First of all , Did I locate the stresses correctly with directions , second how to find the components of the maximum bending stress or i don't have to find them ..????

So confused ,,, I am sorry nvn if i ask too much . I really apprectiate ur help.

Last edited by a moderator: May 4, 2017
7. Dec 19, 2009

Fazza3_uae

The final Step

Find the principal stresses and using the given factor of safety and the yield stress of steel calculate the

I think that ,,

σx = 0
σy = + M*c / Ip ,

M = 1.1228e5 *P , c = 0.009525 m , Ip = 1.2929e-8

$$\tau$$xy = + T*c / Ip ,

T = ??

Now finding principal stresses :

We only need the maximum here right ??

σmax = 0.5 * (σxy) + UnderSquare[ $$\tau$$2xy + 0.5 * (σxy)2 ]

Then after that i use this formula

F.o.S = Ultimate stress / Allowable Stress

Ultimate stress = σMax. = what is found in the last step in terms of P
Allowable Stress = σall. = what is already given in the problem
F.o.S = 2

Is every thing seems good & right ..??

Last edited: Dec 19, 2009
8. Dec 19, 2009

nvn

Switch the y and z axes in your diagram. Your value of J is correct, but your value of I is wrong. I is not equal to J. Try computing I again.

9. Dec 19, 2009

Fazza3_uae

http://img268.imageshack.us/img268/1417/1copyr.jpg [Broken]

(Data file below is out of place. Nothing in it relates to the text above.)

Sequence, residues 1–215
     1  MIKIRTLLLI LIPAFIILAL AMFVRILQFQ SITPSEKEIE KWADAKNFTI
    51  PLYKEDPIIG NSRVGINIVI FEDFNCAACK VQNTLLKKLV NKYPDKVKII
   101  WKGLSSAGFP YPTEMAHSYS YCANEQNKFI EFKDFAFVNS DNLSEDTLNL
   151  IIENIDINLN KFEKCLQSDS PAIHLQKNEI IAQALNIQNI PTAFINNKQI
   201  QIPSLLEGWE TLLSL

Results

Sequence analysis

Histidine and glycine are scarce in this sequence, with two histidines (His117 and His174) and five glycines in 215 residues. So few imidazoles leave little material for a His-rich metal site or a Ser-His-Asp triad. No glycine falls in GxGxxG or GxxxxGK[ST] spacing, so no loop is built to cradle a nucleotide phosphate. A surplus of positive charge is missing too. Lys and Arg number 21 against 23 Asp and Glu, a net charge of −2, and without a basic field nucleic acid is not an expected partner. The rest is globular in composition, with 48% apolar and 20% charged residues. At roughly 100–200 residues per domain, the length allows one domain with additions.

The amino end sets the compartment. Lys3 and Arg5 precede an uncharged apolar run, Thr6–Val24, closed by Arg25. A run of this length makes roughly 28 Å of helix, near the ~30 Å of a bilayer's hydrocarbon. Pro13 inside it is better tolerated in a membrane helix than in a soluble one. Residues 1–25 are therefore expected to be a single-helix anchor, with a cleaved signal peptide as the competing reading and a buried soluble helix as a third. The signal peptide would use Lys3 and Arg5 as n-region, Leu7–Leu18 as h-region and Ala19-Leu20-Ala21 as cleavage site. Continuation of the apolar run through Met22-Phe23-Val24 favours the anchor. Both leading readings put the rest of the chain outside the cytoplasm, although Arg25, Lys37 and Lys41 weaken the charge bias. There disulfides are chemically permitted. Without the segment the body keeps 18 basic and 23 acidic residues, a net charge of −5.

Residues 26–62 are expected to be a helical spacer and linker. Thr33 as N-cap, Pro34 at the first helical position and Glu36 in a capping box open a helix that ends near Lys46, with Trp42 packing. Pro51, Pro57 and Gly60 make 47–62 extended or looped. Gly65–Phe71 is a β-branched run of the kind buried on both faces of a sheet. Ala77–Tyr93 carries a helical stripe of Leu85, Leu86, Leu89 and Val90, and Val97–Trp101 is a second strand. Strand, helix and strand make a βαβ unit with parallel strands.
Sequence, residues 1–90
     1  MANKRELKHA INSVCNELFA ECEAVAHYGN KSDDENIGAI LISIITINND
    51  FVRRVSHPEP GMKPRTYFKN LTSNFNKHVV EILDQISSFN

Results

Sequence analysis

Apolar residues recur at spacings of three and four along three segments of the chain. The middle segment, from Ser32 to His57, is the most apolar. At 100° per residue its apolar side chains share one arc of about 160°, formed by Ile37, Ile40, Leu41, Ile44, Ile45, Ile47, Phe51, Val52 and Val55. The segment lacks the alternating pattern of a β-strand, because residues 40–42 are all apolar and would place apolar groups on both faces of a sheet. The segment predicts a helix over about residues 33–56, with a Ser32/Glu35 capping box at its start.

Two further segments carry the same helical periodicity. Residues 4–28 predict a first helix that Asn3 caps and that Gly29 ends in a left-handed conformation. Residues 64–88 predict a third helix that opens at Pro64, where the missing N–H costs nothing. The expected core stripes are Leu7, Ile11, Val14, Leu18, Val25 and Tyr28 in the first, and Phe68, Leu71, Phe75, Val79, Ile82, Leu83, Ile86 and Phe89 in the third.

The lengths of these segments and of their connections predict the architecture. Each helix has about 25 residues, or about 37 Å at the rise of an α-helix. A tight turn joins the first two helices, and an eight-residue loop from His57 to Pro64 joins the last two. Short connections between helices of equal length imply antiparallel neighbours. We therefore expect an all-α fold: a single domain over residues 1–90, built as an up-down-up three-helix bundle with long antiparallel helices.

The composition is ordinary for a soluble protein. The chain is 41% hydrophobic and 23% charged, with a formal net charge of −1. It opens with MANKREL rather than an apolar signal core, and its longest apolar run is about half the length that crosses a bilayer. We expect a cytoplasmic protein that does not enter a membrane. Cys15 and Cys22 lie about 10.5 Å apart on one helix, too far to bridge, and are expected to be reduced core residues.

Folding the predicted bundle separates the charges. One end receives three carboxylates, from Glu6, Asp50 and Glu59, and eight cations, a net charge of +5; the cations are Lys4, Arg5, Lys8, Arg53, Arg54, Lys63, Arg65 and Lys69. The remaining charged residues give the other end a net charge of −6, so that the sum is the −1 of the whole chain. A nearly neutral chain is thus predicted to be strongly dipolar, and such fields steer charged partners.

Ok, I switched the z & y axes in my diagram but why u did that ...??

What about the location of stresses are they gonna stay on there old localtion after switching...?? (( In this case I think that there woulb no more σy or $$\tau$$xy. There would be σz & $$\tau$$zx instead respectively ))

Hmmmm , my value for J I've used in the first step was for the only circular bar.

So do I = the moment of inertia for the whole system ...??

If it is right check my answer . [ The moment of inertia about the x-axis ]

I = (1/3)*(b*h3) + J

where b = 0.1524 m
& h = diameter i think = 0.0127 m

Am i going in the right direction ...??

Last edited by a moderator: May 4, 2017
10. Dec 20, 2009

nvn

You switched the y and z axes correctly in your diagram. No, do not switch your parameter nomenclature. Keep them as sigmay and tauxy. Your I is still wrong. I = pi*(r^4)/4.

11. Dec 20, 2009

Fazza3_uae

Ok i will not change anything .

Hmm , Why it is divided by 4

what is the difference b/w this and J

When i calculated J i used R the radius of the shaft not the diameter.
Here you divided by 4 which means to me that r here represents the diameter not the radius... am i right ??

12. Dec 20, 2009

nvn

No, using your text book, study or look up rectangular area moment of inertia, or rectangular second moment of area, which is called I, for a solid circular cross section. And also study polar area moment of inertia, or polar second moment of area, which is called J, for a solid circular cross section. You got J correct in post 1. But not I.

13. Dec 20, 2009

pongo38

Stop using formulas for I and J. Instead, go back to first principles with I being the integral of dAy2 and J being ... (you do it). Then you will understand the difference.

14. Dec 20, 2009

Fazza3_uae

Ok , i have read the textbook and found the difference b/w the Ip Or J and I

I found that the rectangular second moment of area I = pi*(r4)/4

Thanks NvN. Now i have one more question how to find T the torque here :

$$\tau$$xy = = + T*c / I

T = ??

Thanks Pongo38 for the respond i knew the difference now and all the thanks go to NvN.

15. Dec 21, 2009

nvn

Very good, Fazza3_uae. Torque T = (distance)*P. Fill in the distance (moment arm) here.

16. Dec 24, 2009